Economies of Scale, Household Size, and the Demand for Food
In this paper, we demonstrate that the empirical evidence is exactly the opposite of the theo-retical predictions. With total household expenditure per capita (PCE) held constant, expenditure per head on food falls with the number of heads. The result appears to be quite general; we find it not only in the United States, but also in Britain and France, and more surprisingly, in Taiwan, Thailand, Pakistan and among African households in South Africa. The size of the effect is also contrary to the theoretical analysis. In the United States, Britain, and France, food consumption falls by only a small amount as the scale of the household increases.
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|Date of creation:||1997|
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- Lanjouw, Peter & Ravallion, Martin, 1995.
"Poverty and Household Size,"
Royal Economic Society, vol. 105(433), pages 1415-1434, November.
- Lanjouw, Peter & Ravallion, Martin & DEC, 1994. "Poverty and household size," Policy Research Working Paper Series 1332, The World Bank.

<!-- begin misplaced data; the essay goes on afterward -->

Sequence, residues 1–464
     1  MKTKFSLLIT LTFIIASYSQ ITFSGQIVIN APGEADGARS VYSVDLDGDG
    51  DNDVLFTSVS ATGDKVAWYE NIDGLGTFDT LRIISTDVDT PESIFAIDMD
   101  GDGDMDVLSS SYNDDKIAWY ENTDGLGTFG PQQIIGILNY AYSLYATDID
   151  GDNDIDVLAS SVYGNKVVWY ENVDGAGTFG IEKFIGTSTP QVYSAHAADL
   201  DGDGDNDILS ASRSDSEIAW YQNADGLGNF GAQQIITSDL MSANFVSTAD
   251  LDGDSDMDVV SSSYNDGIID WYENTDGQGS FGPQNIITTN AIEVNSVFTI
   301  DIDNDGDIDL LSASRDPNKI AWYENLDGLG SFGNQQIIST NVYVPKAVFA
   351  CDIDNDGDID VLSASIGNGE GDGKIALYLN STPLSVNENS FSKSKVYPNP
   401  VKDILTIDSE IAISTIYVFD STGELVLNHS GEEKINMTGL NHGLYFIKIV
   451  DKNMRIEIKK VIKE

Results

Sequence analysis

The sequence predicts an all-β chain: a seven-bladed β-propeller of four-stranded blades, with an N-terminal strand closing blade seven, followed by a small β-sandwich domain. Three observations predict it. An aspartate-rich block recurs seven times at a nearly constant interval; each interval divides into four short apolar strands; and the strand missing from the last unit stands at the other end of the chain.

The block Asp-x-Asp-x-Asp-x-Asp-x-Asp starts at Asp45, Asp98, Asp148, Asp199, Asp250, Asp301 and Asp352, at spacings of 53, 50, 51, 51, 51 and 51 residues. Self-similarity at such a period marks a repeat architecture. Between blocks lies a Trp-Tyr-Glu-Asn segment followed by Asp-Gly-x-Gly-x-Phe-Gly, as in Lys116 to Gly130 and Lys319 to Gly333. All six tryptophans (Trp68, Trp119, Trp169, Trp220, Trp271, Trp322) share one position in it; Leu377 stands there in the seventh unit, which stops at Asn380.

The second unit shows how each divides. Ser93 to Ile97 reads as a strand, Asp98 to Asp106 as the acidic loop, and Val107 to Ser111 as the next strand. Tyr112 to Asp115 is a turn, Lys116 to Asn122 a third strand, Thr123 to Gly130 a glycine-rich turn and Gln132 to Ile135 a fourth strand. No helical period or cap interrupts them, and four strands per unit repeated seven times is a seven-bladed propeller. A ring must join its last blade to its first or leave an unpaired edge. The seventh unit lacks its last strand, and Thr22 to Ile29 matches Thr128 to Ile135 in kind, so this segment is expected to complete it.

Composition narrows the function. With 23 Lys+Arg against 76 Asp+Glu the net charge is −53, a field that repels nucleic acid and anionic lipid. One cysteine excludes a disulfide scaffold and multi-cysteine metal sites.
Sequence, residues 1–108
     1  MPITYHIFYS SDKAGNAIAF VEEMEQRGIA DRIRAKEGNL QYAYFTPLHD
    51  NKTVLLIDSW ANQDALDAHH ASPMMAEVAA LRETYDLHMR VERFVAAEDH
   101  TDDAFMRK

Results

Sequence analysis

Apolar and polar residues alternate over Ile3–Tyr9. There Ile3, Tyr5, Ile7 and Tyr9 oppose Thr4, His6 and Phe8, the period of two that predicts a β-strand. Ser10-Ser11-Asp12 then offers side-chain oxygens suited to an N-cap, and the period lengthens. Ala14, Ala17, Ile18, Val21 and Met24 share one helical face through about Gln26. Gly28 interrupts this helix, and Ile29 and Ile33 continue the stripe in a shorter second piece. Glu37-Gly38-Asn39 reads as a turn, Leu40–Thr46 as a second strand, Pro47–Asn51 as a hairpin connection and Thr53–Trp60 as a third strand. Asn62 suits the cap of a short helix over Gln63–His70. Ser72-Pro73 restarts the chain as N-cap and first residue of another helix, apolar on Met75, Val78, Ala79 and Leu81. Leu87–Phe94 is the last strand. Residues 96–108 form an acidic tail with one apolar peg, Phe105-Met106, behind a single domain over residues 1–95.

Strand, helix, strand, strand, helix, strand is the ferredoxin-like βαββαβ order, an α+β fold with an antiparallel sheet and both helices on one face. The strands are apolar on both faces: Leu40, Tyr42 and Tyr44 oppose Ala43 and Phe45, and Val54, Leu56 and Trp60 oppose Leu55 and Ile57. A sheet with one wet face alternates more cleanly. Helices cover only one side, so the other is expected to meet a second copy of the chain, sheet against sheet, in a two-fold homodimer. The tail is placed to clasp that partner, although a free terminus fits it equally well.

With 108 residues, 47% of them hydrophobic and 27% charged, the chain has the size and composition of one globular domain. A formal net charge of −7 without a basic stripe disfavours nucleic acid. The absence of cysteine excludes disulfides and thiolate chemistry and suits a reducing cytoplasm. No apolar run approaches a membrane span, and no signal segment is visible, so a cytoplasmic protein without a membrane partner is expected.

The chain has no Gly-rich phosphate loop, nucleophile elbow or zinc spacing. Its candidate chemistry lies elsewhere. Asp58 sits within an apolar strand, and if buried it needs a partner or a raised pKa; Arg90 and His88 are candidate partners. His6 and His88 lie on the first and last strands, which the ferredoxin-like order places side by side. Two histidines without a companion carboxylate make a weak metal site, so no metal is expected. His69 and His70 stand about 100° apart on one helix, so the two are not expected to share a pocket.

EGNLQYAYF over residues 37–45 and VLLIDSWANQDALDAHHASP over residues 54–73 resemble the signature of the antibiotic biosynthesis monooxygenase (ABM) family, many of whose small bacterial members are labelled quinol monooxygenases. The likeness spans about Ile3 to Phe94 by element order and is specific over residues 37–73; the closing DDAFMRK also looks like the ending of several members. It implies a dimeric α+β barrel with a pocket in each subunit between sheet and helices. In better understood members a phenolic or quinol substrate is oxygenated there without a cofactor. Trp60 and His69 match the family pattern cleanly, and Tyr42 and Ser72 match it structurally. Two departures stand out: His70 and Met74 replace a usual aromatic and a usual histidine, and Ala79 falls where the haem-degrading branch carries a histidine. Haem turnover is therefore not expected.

- Robinson, Peter M, 1988. "Root- N-Consistent Semiparametric Regression," Econometrica, Econometric Society, vol. 56(4), pages 931-954, July.
- Moffitt, Robert, 1989. "Estimating the Value of an In-Kind Transfer: The Case of Food Stamps," Econometrica, Econometric Society, vol. 57(2), pages 385-409, March.
- Thomas M. Fraker & Alberto P. Martini & James C. Ohls, 1995. "The Effect of Food Stamp Cashout on Food Expenditures: An Assessment of the Findings from Four Demonstrations," Journal of Human Resources, University of Wisconsin Press, vol. 30(4), pages 633-649.
- Deaton,Angus & Muellbauer,John, 1980. "Economics and Consumer Behavior," Cambridge Books, Cambridge University Press, number 9780521296762, February. Full references (including those not matched with items on IDEAS)
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